30)Classic Groove live at the Cantab Lounge
When drummer Rich Marshall called out to “All you hamburgers and cheeseburgers” it was quoting the late Little Joe Cook of “Peanuts” fame, the legendary r & b singer who ruled at the Cantab. On Saturday, April 29 three members of Little Joe’s band, bassist Lee Lunday, guitarist Candy Delgado and Marshall with Daemian Allen on keys, Steve Tajian on saxophone and Susan Jeffrey on vocals rocked the packed room called on of the best “dive bars” in America. Taking Gnarls Barkley’s classic “Crazy” and putting a woman’s voice on it works effectively, this veteran blues and rhythm band with a pulsating presence that had the twenty-something audience captivated for the entire evening. It’s what separates the Cantab from other nightclubs, a college crowd that wants its bluesy pop, found on a Cambridge sidewalk that the city named Little Joe Cook Square. Members of the band host an open mic on Sunday nights, but Classic Groove only performs once a month. Aretha Franklin’s “Chain of Fools” was rocking, while “I Love the Nightlife,” the 1978 Alicia Bridges hit, evolved from its disco roots to smart dance r & b. When that concluded a set the band decided to give the audience the instrumental encore of “Unchained Melody” with the leader of this Waltham based group, Steven Charles Tashjian, front and center with the saxophone playing the vocal melody. Their set list is stunning, from Motown to Grand Funk and the Doors, and one wonders if the flock of young club goers are aware of the heritage the players from Little Joe’s band bring to the party. Like having Mitch Mitchell and Noel Redding or Janis Joplin’s Full Tilt Boogie band on a Saturday night bringing the sounds that endure from the power and the glory of the Little Joe Cook days. (Joe Viglione)
31) Kat Quinn Waiting to Exhale
Review: Exhale Kat Quinn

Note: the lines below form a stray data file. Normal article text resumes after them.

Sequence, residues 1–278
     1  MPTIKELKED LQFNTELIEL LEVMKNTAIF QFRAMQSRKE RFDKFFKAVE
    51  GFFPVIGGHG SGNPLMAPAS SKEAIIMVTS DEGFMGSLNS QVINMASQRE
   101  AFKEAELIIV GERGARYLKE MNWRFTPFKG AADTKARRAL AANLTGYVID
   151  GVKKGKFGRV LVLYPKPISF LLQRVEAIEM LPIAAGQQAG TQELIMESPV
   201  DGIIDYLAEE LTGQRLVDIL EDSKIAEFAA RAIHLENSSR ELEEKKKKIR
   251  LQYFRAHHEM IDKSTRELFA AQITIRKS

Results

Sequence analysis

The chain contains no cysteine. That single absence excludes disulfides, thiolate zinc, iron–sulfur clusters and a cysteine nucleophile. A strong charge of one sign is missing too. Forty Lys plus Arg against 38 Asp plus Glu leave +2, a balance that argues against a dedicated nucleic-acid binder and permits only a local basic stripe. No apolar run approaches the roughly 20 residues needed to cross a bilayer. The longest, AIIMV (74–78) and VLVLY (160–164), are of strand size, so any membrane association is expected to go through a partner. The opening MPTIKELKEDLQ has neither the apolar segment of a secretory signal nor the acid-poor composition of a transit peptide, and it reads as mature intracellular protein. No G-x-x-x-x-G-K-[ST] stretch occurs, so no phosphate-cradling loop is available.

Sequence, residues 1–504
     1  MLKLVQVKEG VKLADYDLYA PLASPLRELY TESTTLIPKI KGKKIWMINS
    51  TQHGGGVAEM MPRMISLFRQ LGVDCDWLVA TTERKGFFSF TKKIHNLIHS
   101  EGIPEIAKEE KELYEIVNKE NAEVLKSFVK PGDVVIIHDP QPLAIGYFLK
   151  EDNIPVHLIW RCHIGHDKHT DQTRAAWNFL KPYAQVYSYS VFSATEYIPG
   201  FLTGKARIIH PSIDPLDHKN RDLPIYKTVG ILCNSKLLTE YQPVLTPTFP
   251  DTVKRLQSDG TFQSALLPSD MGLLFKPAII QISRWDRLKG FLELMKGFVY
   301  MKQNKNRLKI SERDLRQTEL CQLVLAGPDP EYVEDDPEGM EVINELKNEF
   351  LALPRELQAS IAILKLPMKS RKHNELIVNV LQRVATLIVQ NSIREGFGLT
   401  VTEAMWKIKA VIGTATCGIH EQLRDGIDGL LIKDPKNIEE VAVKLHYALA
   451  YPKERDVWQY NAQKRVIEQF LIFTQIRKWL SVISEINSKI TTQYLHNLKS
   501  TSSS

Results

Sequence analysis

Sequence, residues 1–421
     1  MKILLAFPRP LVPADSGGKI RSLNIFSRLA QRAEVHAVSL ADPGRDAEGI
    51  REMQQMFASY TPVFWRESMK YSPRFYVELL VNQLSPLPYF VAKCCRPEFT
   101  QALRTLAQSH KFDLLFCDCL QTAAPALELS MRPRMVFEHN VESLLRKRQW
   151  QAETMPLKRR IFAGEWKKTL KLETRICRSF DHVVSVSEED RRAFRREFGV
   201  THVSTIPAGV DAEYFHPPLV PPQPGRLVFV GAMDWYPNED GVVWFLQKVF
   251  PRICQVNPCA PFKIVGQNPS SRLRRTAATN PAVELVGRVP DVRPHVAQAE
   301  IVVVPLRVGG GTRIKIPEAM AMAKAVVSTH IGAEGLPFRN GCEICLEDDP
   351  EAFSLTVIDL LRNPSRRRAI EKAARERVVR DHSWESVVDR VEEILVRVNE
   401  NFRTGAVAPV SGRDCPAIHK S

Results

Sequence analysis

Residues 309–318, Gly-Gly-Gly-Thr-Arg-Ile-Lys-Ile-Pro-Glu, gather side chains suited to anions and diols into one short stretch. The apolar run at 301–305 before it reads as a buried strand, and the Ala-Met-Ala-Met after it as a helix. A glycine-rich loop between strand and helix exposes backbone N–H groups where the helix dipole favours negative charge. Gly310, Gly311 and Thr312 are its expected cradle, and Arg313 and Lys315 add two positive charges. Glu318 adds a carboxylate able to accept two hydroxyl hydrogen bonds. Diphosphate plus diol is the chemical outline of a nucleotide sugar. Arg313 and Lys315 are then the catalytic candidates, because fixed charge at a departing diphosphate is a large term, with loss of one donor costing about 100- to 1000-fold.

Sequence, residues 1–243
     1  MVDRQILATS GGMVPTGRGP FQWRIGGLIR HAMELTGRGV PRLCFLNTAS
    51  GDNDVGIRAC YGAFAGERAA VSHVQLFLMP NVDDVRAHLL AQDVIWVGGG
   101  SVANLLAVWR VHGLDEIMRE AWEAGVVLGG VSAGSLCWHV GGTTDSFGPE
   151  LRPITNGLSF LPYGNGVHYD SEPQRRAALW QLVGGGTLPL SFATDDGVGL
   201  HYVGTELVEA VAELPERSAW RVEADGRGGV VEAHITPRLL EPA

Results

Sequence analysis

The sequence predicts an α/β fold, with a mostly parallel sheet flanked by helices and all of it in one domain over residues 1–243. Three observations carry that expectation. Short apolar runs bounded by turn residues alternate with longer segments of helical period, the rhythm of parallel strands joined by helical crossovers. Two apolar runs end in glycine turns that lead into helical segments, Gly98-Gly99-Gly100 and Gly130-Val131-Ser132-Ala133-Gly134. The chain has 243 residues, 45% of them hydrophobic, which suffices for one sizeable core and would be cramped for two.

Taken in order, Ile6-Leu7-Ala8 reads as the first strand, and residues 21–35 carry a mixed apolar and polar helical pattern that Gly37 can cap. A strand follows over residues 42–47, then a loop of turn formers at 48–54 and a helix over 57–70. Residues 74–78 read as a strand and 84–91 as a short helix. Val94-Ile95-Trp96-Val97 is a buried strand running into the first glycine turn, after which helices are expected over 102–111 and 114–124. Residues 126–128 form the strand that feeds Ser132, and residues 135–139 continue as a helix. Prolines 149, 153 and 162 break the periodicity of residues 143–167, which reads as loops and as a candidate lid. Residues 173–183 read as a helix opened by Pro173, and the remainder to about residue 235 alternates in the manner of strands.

AllMusic Review by Joe Viglione [-]
34) Josh Small-Richmond
35)Mike Morrissey Haley Katrin Dionysia
36)Melissa Weikhart / The Chicken Slacks
Review of April 27, 2017 at THE CANTAB
and CLUB BOHEMIA
MELISSA WEIKARTThe Cantab, Cambridge, MA
The diva’s voice reaches amazing heights over Matt Okun’s liquid guitar strums with bass, drums and keys. They all generating a symphonic, airy bit of mystery, embracing Weikart’s lyric in a pleasant and entertaining way. Engaging renditions of her “Our Room,” White Dress,” “New Normal” and “Broken Records” gives way to Weikart sitting down at Tuch’s piano to perform solo. “Unconventional, but it’s happening” she notes as they were able to get the stand-up microphone at the right height for “Humans.” The solo material, in particular, seems perfect for a new Twilight Zone, odd piano sounds and a vocal sound that go contrary to the notes she pluckes off of the keyboard, quite difficult to pull off. The audience, all the tables and chairs filled, but still intimate, keeps quiet during the solo portion. Pure artistry at play and a very welcome change of pace for our cellar full of noise in the cavern under Massachusetts Ave.
Upstairs Chicken Slacks are downright frighteningly good with a more than average rowdy crowd stomping to pure rhythm and blues. This writer gets to see the Slacks almost every week, but this night, April 27, is more intense than usual. The club is filling to capacity and the room and floor are shaking…and there’s a line of more people outside. I snap one video that captures the craziness, but had to get out of Dodge as it is just too many people for me at midnight. (Joe Viglione)
37)Loose Salute with Mick Lawless
in THE NOISE MAY 1
LOOSE SALUTE with MICK LAWLESS
38)Scott Damgaard Leaving Hyannis
39)The Brigands in The Noise
40)Fred Gillen Jr. WHAT SHE SAID